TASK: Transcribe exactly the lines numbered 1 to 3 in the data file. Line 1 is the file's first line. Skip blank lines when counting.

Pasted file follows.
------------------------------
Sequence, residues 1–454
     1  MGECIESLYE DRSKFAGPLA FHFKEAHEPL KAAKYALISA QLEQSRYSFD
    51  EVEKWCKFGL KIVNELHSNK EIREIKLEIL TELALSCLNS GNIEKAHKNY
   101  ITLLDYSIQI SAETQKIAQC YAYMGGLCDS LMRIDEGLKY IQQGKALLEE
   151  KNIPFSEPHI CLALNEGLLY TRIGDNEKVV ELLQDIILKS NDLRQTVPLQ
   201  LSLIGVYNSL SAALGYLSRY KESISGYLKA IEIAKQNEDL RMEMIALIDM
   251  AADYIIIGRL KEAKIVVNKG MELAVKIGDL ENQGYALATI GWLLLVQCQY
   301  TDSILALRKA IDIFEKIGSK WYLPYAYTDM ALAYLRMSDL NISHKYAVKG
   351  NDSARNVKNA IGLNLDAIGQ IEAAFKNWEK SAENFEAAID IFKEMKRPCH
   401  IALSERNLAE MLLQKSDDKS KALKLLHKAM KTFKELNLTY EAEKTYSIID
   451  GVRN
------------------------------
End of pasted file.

Sequence, residues 1–454
     1  MGECIESLYE DRSKFAGPLA FHFKEAHEPL KAAKYALISA QLEQSRYSFD
    51  EVEKWCKFGL KIVNELHSNK EIREIKLEIL TELALSCLNS GNIEKAHKNY